7. Gene repression by Pax5 in B cells is essential for blood cell homeostasis and is reversed in plasma cells. Delogu, A., Schebesta, A., Sun, Q., Aschenbrenner, K., Perlot, T., Busslinger, M. Immunity (2006) [Pubmed]
  8. Sequential MyD88-independent and -dependent activation of innate immune responses to intracellular bacterial infection. Serbina, N.V., Kuziel, W., Flavell, R., Akira, S., Rollins, B., Pamer, E.G. Immunity (2003) [Pubmed]
  9. TNF/iNOS-producing dendritic cells mediate innate immune defense against bacterial infection. Serbina, N.V., Salazar-Mather, T.P., Biron, C.A., Kuziel, W.A., Pamer, E.G. Immunity (2003) [Pubmed]
  10. Monocyte emigration from bone marrow during bacterial infection requires signals mediated by chemokine receptor CCR2. Serbina, N.V., Pamer, E.G. Nat. Immunol. (2006) [Pubmed]
  11. Ccr2 deficiency impairs microglial accumulation and accelerates progression of Alzheimer-like disease. El Khoury, J., Toft, M., Hickman, S.E., Means, T.K., Terada, K., Geula, C., Luster, A.D. Nat. Med. (2007) [Pubmed]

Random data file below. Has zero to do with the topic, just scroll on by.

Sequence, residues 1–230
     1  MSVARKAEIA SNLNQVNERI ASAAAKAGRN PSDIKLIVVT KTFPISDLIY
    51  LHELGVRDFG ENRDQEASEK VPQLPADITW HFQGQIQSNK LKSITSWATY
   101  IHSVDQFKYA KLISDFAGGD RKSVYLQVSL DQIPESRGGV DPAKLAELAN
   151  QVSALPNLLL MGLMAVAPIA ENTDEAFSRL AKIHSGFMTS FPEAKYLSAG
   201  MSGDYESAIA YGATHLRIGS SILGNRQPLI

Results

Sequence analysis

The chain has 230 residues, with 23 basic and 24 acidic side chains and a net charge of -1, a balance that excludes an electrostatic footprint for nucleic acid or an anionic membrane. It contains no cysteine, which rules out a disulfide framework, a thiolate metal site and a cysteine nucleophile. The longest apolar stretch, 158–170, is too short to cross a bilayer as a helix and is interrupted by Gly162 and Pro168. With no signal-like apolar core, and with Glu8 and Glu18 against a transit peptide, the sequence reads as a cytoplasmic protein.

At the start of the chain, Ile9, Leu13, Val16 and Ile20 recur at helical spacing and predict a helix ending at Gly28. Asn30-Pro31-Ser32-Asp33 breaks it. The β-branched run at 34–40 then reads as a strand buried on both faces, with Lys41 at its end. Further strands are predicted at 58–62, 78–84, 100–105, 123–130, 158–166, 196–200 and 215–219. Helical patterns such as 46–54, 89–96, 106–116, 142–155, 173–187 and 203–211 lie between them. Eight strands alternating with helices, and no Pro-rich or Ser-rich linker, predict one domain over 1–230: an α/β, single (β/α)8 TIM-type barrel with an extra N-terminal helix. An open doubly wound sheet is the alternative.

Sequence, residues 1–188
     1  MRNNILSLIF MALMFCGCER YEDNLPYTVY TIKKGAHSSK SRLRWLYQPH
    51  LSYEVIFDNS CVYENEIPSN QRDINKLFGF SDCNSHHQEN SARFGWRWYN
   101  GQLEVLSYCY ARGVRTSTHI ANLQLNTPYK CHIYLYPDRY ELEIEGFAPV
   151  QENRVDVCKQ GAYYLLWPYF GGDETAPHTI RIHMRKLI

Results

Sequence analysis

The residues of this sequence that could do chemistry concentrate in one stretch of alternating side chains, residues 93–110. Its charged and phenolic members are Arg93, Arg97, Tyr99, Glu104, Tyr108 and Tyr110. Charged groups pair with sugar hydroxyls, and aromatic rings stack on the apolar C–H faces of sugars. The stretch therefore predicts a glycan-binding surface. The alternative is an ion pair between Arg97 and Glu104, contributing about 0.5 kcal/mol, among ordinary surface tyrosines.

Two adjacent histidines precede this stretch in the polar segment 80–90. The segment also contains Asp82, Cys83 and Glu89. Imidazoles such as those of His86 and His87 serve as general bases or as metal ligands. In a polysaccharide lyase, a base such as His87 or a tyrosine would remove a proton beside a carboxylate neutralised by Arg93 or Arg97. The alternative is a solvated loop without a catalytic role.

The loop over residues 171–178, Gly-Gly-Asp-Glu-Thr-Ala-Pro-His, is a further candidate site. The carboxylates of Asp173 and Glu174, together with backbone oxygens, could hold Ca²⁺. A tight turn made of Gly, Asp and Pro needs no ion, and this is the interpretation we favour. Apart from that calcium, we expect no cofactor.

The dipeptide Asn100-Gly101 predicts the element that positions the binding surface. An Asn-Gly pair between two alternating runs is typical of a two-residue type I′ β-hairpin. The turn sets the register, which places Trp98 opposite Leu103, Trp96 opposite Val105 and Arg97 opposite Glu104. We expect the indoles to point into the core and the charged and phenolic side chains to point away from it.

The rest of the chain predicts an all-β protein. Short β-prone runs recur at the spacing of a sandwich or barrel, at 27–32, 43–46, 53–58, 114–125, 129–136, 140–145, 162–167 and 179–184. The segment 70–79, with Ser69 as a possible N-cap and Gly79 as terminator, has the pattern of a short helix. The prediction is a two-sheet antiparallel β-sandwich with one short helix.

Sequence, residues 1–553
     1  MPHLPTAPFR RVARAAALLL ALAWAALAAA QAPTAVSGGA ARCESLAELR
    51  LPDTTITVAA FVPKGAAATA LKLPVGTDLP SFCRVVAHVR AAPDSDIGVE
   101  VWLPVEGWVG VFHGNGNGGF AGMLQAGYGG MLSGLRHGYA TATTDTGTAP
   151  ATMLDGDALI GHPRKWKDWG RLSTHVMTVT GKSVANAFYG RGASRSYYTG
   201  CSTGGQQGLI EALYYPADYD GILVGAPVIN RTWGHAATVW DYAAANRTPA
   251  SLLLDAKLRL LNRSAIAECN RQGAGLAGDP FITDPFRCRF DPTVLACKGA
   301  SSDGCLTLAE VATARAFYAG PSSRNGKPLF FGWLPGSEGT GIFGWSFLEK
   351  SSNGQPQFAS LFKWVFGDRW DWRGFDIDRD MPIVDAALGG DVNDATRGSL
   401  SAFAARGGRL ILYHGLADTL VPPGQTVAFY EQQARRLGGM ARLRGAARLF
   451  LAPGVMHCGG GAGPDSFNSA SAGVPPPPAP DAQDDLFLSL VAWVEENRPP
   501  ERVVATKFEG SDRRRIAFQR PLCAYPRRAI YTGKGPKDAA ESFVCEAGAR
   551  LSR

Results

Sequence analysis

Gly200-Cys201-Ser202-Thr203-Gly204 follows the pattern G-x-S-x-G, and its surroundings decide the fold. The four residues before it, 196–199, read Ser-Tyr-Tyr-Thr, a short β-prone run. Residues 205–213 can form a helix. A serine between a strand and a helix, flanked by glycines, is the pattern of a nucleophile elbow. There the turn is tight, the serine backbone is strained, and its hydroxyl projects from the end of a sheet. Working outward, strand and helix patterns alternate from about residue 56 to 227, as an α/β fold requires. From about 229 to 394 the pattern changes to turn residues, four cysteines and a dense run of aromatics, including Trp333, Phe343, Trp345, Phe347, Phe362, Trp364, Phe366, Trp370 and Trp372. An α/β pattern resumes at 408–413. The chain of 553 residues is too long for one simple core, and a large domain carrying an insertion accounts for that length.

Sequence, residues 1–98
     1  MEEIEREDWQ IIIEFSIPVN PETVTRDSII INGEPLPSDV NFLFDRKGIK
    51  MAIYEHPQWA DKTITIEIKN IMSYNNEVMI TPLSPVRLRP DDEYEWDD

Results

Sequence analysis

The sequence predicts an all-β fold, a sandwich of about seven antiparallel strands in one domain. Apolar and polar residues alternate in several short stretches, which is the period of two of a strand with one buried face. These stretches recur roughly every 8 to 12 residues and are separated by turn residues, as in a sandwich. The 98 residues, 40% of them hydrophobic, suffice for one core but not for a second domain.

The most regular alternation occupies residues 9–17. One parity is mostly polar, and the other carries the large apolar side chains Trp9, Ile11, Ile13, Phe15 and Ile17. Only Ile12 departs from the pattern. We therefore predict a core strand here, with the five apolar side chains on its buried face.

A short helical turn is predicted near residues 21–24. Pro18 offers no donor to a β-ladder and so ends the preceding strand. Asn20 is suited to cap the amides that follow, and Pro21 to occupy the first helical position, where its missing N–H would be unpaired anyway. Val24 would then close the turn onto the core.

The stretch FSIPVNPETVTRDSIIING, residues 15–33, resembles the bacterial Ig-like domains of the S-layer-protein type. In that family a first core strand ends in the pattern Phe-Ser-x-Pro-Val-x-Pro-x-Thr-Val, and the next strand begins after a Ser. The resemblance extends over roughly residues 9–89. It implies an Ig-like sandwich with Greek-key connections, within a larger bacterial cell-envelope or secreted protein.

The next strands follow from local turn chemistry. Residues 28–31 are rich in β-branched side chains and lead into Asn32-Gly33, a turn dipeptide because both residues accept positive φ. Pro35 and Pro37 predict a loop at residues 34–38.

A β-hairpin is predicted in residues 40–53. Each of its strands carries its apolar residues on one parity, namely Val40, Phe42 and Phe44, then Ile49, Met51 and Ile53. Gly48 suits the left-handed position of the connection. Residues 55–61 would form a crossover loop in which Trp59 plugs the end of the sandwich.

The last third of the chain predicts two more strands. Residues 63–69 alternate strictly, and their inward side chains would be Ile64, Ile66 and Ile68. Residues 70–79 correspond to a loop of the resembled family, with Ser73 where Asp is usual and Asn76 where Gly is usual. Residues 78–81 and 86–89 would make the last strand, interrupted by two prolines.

12. Blockade of CCR2 ameliorates progressive fibrosis in kidney. Kitagawa, K., Wada, T., Furuichi, K., Hashimoto, H., Ishiwata, Y., Asano, M., Takeya, M., Kuziel, W.A., Matsushima, K., Mukaida, N., Yokoyama, H. Am. J. Pathol. (2004) [Pubmed]
  13. C-C chemokine receptor 2 (CCR2) deficiency improves bleomycin-induced pulmonary fibrosis by attenuation of both macrophage infiltration and production of macrophage-derived matrix metalloproteinases. Okuma, T., Terasaki, Y., Kaikita, K., Kobayashi, H., Kuziel, W.A., Kawasuji, M., Takeya, M. J. Pathol. (2004) [Pubmed]
  14. Monocyte chemoattractant protein-1 mediates cockroach allergen-induced bronchial hyperreactivity in normal but not CCR2-/- mice: the role of mast cells. Campbell, E.M., Charo, I.F., Kunkel, S.L., Strieter, R.M., Boring, L., Gosling, J., Lukacs, N.W. J. Immunol. (1999) [Pubmed]